Coronavirus and Student Loans: What You Need to Know





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In addition to stimulus checks and expansion of unemployment, the CARES Act also highlights some measures to help student loan borrowers during this time.

According to the CARES Act, most federal student loan borrowers will be able to pause their payments through September 30.

During these six months, no interest will accrue on those federally held loans so that if you don’t make payments during this time, your balance won’t get larger.

There is also a suspension of involuntary collections on federal student loans.

Involuntary collections include a reduction in your federal benefits or tax refund if you’re in default, as well as wage garnishment.

The CARES Act outlines that student loan payments are automatically paused, as are involuntary collections.

You don’t have to contact anyone or do anything in particular to pause your payments.

Before the CARES Act was passed, if you held federal student loans, you were advised to apply for an administrative forbearance of two months, but now the passage of the act replaces that.

This also brings to light the potential for scammers to take advantage of this situation.

If you are asked to pay a fee or fill out paperwork to pause your student loans or use the interest waiver, it’s not legitimate.

You should report any situation like this to the Federal Trade Commission.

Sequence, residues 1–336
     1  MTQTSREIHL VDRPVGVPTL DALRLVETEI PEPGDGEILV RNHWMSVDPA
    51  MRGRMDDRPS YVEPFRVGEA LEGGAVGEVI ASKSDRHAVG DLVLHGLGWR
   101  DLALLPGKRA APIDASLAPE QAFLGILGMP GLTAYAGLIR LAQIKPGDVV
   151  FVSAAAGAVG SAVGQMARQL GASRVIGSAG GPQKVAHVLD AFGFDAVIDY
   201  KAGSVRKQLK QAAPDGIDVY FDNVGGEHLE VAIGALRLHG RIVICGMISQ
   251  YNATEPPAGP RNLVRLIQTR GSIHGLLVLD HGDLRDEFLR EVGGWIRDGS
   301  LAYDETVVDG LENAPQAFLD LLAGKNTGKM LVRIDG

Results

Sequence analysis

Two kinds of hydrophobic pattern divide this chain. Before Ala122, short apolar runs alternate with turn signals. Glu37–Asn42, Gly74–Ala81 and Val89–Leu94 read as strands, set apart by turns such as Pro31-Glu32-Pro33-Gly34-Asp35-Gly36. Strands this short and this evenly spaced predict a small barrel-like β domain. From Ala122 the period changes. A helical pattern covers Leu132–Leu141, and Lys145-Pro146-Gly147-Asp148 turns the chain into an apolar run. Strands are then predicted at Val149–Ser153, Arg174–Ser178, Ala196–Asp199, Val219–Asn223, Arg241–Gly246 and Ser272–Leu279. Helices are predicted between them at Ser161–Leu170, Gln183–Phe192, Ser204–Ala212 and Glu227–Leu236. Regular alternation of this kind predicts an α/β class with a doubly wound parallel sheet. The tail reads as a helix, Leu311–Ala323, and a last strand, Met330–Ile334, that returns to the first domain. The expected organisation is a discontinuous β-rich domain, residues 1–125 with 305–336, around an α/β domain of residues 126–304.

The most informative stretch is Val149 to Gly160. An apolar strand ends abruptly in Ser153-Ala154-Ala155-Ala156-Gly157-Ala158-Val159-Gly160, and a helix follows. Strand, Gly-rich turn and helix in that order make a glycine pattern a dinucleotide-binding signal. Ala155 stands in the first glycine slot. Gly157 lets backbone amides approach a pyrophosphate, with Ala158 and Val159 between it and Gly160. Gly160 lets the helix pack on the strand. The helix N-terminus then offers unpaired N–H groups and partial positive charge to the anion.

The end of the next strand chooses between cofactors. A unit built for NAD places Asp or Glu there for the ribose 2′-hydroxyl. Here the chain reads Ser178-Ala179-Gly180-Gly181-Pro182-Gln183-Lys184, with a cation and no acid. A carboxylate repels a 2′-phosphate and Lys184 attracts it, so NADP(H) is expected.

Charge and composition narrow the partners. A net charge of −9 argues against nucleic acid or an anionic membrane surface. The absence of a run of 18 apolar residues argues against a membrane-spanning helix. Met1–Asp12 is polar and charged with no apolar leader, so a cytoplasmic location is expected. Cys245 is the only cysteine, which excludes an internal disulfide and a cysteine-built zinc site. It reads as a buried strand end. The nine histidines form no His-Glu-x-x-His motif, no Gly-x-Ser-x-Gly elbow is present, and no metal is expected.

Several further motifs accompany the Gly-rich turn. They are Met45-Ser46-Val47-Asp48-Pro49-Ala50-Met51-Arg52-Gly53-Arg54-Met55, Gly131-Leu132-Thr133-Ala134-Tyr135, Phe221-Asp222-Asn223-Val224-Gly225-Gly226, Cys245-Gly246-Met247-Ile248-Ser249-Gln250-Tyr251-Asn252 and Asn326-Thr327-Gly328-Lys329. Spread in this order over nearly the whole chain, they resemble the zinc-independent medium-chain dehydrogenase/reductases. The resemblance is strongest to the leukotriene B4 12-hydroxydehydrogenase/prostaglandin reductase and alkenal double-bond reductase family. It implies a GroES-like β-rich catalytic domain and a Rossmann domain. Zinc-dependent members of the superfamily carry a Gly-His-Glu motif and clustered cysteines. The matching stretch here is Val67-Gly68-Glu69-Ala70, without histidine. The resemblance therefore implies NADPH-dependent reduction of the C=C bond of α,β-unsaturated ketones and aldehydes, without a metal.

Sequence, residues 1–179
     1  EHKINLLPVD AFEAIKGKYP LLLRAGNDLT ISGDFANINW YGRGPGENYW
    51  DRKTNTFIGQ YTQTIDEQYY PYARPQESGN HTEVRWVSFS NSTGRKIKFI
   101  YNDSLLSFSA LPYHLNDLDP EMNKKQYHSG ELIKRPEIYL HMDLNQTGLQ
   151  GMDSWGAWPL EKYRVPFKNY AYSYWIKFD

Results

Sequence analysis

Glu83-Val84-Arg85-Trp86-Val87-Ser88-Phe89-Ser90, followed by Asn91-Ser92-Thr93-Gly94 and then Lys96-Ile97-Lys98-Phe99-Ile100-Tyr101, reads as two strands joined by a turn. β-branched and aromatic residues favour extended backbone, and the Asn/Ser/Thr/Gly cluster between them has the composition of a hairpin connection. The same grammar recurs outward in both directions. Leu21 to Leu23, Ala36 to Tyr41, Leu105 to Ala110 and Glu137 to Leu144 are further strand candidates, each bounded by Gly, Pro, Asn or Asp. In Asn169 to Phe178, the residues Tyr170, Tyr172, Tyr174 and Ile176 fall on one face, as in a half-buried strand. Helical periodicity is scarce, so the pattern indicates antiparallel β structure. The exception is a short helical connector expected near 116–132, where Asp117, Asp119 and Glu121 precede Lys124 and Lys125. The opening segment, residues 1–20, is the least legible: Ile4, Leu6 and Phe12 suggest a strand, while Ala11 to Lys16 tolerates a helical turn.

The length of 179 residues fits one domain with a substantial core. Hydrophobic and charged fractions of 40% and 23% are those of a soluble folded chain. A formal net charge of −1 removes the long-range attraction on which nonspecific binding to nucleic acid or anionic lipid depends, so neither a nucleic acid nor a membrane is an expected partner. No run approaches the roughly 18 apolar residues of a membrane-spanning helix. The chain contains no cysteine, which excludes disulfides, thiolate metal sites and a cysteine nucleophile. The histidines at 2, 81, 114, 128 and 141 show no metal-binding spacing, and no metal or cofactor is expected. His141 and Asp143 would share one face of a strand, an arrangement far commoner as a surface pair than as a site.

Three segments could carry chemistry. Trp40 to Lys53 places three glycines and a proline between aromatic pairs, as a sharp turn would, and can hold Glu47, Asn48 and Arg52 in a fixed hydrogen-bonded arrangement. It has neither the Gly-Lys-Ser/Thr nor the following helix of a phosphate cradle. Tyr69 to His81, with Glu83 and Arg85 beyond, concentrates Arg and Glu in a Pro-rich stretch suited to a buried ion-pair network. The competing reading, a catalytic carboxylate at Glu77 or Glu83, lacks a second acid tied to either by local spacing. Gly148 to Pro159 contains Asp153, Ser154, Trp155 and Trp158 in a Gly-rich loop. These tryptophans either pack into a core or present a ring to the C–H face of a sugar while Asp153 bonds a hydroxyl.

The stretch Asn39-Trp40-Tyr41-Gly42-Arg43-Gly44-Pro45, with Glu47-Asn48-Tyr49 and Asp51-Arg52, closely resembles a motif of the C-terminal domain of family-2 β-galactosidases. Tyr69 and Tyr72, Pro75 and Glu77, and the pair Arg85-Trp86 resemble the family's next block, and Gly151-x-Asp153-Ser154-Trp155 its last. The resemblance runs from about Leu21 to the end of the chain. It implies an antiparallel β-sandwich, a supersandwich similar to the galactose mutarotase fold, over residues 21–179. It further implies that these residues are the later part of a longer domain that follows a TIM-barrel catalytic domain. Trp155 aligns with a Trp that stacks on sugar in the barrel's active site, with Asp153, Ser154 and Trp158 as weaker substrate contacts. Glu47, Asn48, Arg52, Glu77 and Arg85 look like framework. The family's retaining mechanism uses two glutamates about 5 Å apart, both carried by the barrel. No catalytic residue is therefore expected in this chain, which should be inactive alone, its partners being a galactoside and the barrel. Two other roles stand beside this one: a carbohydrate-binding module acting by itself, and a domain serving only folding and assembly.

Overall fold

Under the legislation, most federal student loan borrowers will benefit from the pause on both payments and collections, but not all.

If you have a Perkins Loan or a Federal Family Education Loan (FFEL), you are not eligible.

You should also be able to log into your servicer account and see if a benefit was applied to your account.

For borrowers whose federal loans were excluded, you may still be able to get help if you contact your loan servicer and apply for forbearance or income-driven repayment.

With the CARES Act guidelines, if you were working toward a loan forgiveness or rehabilitation program, each month that’s part of the pause will still count toward that.

For example, if you are working toward Public Service Loan Forgiveness, these months count when you aren’t making payments due to the CARES Act.

Of course, one of the most important things to realize is that private student loans are not covered under the CARES Act.

If you have private student loans, you should contact the loan servicer and see if they are offering options, because many are.

Since the CARES Act doesn’t apply to privately held student loans, it’s up to your servicer as to how they help you. If you lose your job, contact your loan servicer right away. The faster and more proactive you are, the better.

The following are some ways major lenders and servicers say they’re dealing with the crisis.

Earnest says with their student loans, they are offering up to three months of postponed payments. This is available through a disaster forbearance. If you use this program from Earnest, your interest still accrues during the forbearance period, but it’s not capitalized. That means the interest accrued during forbearance won’t be added to your unpaid principal.

If you refinanced a federal loan with Laurel Road, forbearance for up to 12 months over the life of a loan might be available, but interest continues to accrue. According to Laurel Road, you might also be able to apply for an extension if they are your loan servicer.

Navient says that for borrowers whose loans don’t qualify for the protections through the CARES Act, they are offering up to three months of disaster forbearance, but you have to request it. This would mean that if Navient is your loan servicer, you should contact them, and you may get a postponement of your payments for up to three months.

If your loans are serviced by Nelnet, and you have an account that starts with a D

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